There were many times during this time that I was able to stop and see how beautiful the snow was as it blanketed everything making the environment quiet. On the fifth day we were on a neighbor’s roof shoveling off the snow and stopped several times to watch and listen to the birds and also breathe in the fresh air that the snow created. The mantra helped me the whole time stay with the work, be kind, and work with nature.
As of late, building Ojas for me is about letting past truths fall away in order to live authentically. The understanding is that to have Ojas, means to feel vital, contained, strong, enthusiastic, luminous, and fluid, the old ways of doing this would have been to exercise more, study harder, and be busy, which for me was reflecting an outward appearance of success.
This year had taught me something about deep rest, autonomy, and authenticity in ways I have never experienced. For whatever reason my once easy to wake habit has passed, it’s not that it is hard for me to wake up early but I just don’t want to any longer, to arise and feel refreshed at a later hour now is more appealing than getting up before everyone else as if it is a race to be won. Getting more sleep and using the morning hours to be present with myself, notice how I feel at that moment and what I am grateful for allows for a better pace throughout the day.
This change came about naturally and truly feels so good right now, almost like being in love again, I am in love with slowing down, letting my waist get a little wider, yes I had to buy some big lady pants. At this point in my life it wasn’t horrifying, embarrassing, or shameful, just what needed to be done, like buying more groceries. I am enjoying this new pace and the real me at this time. In the past I was running, cycling, and even doing yoga cause it felt great but also I was in the midst comparing my body shape to that which was deemed acceptable, attractive, etc., that tended towards the more masculine framework than a curvy, soft feminine frame that right now I really like.
Oiling every day is part of my routine and became even more important when a gentleman told me about his ritual that came from being in AA. As he massages his body he prays, practicing the art of anointing and celebrating that he is still on the planet helps increase his appreciation for his life and the world around him and gives him support to keep from falling victim to alcoholism.
Slowing down has also helped me love meditation practice. Before it felt like something to get through to get to the next more important task, now I revel in sitting, making time for comfort, solitude, and connection with that force that is my own and all around me.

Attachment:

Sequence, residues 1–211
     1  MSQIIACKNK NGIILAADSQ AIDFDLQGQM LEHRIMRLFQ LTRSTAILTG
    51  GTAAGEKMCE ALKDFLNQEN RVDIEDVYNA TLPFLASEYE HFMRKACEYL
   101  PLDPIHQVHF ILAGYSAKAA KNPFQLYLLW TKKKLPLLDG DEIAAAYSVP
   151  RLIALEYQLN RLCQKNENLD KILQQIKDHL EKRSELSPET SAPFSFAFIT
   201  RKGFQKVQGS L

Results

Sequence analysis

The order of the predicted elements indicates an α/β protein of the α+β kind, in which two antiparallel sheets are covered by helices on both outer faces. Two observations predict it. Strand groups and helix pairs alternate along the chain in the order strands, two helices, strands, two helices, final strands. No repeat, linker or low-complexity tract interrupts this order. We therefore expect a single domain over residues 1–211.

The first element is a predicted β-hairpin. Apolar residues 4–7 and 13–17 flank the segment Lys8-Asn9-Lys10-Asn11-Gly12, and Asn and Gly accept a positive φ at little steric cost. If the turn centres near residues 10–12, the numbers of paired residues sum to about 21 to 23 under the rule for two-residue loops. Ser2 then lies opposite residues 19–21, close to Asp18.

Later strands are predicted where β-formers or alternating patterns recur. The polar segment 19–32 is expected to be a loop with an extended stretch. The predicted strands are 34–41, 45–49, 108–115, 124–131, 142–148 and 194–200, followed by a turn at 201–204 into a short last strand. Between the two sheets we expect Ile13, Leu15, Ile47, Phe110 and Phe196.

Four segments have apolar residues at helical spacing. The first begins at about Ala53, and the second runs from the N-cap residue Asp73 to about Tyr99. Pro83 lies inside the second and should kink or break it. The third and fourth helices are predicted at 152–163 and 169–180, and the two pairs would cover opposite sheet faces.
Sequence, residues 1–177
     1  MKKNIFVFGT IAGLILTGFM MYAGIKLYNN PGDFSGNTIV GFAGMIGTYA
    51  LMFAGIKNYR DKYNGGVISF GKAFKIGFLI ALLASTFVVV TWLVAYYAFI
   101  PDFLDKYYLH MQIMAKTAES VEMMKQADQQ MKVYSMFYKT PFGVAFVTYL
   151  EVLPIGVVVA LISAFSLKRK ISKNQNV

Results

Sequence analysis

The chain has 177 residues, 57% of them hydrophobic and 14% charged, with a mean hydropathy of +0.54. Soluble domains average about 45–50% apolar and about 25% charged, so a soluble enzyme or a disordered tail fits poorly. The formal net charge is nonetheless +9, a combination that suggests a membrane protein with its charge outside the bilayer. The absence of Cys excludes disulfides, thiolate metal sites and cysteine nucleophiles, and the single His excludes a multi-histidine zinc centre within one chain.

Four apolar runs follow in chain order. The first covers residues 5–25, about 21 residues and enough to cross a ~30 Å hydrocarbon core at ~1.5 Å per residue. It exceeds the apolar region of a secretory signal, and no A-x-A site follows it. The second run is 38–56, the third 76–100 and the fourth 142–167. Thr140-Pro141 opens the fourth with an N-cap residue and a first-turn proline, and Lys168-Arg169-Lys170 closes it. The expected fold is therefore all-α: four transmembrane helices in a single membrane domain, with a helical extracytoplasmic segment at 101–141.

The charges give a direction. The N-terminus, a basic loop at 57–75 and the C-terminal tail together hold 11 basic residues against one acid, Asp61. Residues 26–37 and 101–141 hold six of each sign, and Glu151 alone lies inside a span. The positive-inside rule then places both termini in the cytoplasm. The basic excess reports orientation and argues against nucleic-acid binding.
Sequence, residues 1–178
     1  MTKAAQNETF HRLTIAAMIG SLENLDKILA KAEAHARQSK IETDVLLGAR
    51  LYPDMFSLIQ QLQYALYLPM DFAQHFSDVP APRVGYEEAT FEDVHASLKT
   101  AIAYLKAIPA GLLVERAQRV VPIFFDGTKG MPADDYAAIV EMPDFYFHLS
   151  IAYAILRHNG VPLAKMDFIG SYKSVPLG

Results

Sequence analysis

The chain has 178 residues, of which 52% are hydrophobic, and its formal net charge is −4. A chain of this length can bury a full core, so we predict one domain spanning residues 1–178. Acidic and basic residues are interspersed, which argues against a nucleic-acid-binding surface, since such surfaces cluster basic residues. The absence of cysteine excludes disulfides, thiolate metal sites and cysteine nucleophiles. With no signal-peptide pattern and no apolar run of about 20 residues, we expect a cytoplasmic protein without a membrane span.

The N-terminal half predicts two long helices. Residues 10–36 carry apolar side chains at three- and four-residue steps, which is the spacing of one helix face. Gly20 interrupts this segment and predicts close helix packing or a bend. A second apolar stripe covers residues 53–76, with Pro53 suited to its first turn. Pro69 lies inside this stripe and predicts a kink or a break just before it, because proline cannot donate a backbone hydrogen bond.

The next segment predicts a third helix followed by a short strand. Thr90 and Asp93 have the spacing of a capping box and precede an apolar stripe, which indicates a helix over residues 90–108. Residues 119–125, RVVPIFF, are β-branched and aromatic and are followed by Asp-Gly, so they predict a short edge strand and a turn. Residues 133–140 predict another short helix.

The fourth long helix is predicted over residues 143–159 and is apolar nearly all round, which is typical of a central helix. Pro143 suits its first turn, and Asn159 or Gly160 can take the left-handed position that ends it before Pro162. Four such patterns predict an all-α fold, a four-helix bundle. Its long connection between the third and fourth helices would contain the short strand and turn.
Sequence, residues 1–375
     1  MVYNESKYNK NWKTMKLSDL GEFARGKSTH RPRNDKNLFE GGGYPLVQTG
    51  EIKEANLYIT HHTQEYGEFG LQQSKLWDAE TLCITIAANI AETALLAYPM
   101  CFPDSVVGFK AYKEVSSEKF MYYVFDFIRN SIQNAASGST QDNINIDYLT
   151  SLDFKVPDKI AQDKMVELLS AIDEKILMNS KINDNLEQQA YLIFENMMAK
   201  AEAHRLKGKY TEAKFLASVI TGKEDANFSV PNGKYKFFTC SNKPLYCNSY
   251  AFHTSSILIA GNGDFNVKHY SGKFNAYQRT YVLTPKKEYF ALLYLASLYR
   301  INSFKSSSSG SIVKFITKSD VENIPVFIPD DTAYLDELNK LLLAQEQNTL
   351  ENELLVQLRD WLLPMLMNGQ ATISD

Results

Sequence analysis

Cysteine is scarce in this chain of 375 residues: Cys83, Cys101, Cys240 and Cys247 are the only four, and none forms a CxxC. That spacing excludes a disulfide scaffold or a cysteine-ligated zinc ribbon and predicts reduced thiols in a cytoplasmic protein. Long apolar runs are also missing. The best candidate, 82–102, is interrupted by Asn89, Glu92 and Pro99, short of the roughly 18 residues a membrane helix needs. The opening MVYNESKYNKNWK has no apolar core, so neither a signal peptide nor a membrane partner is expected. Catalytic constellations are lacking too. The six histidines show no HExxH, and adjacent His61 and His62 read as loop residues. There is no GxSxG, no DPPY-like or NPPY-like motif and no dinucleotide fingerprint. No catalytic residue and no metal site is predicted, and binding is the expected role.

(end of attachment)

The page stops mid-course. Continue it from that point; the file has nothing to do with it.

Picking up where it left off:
When nature gives us an experience whether it’s a storm outside of us or inside, the use of mantra and meditation helps us align with the experience instead of fight it as if it was wrong somehow. Nature is never wrong and righting ourselves with her helps the light get in.
“There is a deep wisdom in giving up the fight to make it go away. When we instead come home to our path, we come home to what is. You are where you are. So be there. Stop trying to protect yourself from the harshness of right now, fleeing into a long fabrication about how it’s going to be one day. That’s a way of avoiding the here and now truth of our lives.” – Sue Monk Kidd
Guest post graciously contributed by Heidi Audet.*
If you live in a cold climate during the winter months, staying healthy can have its challenges. Since roughly 80% of our immunity comes from our intestinal health, it’s important that we nourish and support our digestion in ways that honor us. Thankfully, the science of Ayurveda recognizes this. It teaches us how to support our health with good digestion and assimilation of nutrients to keep our immune system strong. I think about my grandfather and his generation who used old time remedies based upon observation and sworn family testimony that helped keep a generation of grandchildren on the road to recovery from colds and flu. As I began to study Ayurveda, I was amazed at how many of my grandfather and grandmother’s folk remedies bore a striking resemblance to the suggested Ayurvedic treatments. After living and surviving many cold winters in the Adirondacks, they knew how to maintain their health. I can count on less than one hand the number of times in the 36 years knowing him that my grandfather had been sick with a cold or flu virus.